North Carolina Community Colleges Offering Child Care Support

In the midst of a child care crisis, community colleges play a vital role in connecting families with child care access and in bridging the gap between communities and the necessary early childhood educators.

According to Robin Warfield, who conducted research on the correlation between early childhood education and community colleges, any sustainable child care solution will inherently incorporate community colleges.

“They are inextricably linked,” noted Warfield, who has experience teaching early childhood education at Alamance Community College and currently serves as the Birth-to-3 Coaching Manager for the NC Birth to Three Quality Initiative at the Child Care Services Association.

Economists have characterized the child care industry as a flawed market due to the inability of child care providers to offer high-quality early care and education at an affordable price for most families. As federal relief funds for child care are set to expire on June 30, and discussions in the legislature are ongoing regarding the extension of assistance and its magnitude, the existing challenges may exacerbate.

Looking ahead, Warfield emphasizes the importance of including colleges in the discourse.

Community colleges play a pivotal role in reducing obstacles on both fronts by assisting families in affording and accessing child care while bolstering the early childhood educator pipeline.

These colleges, since their establishment, have actively trained the early childhood teacher workforce, continuously integrating it into their programs.

Moreover, a select number of North Carolina’s community colleges operate on-campus child care programs, with 13 colleges reportedly maintaining active on-site programs, while four have closed their programs over the past four years.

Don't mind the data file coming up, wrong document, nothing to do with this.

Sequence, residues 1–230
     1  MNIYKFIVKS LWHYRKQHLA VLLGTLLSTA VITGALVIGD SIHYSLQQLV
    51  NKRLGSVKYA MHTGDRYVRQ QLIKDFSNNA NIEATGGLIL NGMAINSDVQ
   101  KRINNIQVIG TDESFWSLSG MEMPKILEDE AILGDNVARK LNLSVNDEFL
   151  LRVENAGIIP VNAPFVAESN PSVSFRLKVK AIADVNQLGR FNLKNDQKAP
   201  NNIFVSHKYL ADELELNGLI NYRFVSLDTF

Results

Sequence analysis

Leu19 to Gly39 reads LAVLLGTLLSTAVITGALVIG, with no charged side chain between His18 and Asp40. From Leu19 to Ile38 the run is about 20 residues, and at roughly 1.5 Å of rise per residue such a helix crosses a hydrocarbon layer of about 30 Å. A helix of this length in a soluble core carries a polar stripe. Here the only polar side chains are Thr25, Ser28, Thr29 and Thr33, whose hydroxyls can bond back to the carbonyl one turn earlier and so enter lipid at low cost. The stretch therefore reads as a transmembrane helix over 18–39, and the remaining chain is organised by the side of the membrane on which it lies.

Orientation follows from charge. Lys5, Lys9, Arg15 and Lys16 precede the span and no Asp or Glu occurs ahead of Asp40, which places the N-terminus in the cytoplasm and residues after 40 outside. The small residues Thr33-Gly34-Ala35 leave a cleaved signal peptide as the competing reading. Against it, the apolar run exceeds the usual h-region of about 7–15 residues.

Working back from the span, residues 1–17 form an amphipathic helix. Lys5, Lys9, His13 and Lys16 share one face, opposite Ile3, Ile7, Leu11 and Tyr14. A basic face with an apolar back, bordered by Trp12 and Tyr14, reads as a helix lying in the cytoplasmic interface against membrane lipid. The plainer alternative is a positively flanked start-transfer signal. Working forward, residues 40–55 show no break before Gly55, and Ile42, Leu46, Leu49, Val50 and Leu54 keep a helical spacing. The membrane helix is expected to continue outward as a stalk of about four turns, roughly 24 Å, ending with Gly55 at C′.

Crystal Harvey, the director of the Carol L. Danforth Early Childhood Lab at Forsyth Technical Community College, underscores the significance of such programs in removing substantial barriers that may hinder students’ academic success and providing enhanced learning opportunities for aspiring early childhood educators.

Furthermore, colleges utilize various funding sources, including state and federal grants, private donations, and private tuition, to support student parents in affording child care services.

The financing challenges faced by on-site programs reflect the broader hurdles within the industry, highlighting the necessity of external funding to attract students to early childhood programs and sustain both on-site and off-site initiatives.

Warfield advocates for the establishment of high-quality on-site child care programs that cater to students and the community, emphasizing the economic imperative for these services.

The following community colleges in North Carolina have been identified by EdNC as actively operating on-site child care programs:

– Alamance Community College
– Cape Fear Community College
– Davidson-Davie Community College
– Halifax Community College
– Haywood Community College
– Johnston Community College
– McDowell Technical Community College
– Nash Community College
– Piedmont Community College
– Sandhills Community College
– Southeastern Community College
– Vance-Granville Community College
– Wayne Community College

An underrepresented population, student parents have found significant support at Forsyth Tech, exemplified by the SPARC (Student Parent Advocacy Resource Center) initiative, aimed at helping students access child care, engage in drop-in care partnerships, host expos, and establish community-building spaces.

SPARC’s funding derives from various sources, including the state’s community college child care grant program, the John M Belk Endowment’s NC Reconnect initiative, and the federal Child Care Access Means Parents In School (CCAMPIS) grant, ensuring flexible support for student parents during times of need.

Shanta Reddick, the driving force behind Forsyth Tech’s efforts, draws from her personal experiences to champion student parents, intending to provide them with a voice, resources, and emotional support to navigate hurdles and excel academically.

Maya Clay’s success story at Forsyth Tech showcases the transformative impact of SPARC, emphasizing the invaluable role of dedicated support in empowering student parents to pursue their academic aspirations amidst personal challenges.

Other articles

Post Image
Unused Millions of Dollars for South Carolina Families’ Grocery Assistance

COLUMBIA — A little over $8 million designated to assist families in purchasing …

Read More
Post Image
MSU-Meridian’s Interprofessional Simulation Program Receives Provisional Accreditation, Ready for Student Use in Fall

The Interprofessional Simulation Program at MSU-Meridian has received provisiona …

Read More
Post Image
Top 10 Studies Essential for Every Teacher

In the realm of education, our insights into effective classroom practices have …

Read More